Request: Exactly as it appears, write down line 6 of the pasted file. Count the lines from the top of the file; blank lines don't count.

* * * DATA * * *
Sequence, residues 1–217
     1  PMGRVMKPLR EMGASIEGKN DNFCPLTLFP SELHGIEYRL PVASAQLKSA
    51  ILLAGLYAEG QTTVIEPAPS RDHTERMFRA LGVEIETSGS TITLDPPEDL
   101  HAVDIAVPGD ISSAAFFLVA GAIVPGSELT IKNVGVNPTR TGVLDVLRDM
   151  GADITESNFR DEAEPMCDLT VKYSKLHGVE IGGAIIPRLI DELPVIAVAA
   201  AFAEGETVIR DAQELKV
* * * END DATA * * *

   201  AFAEGETVIR DAQELKV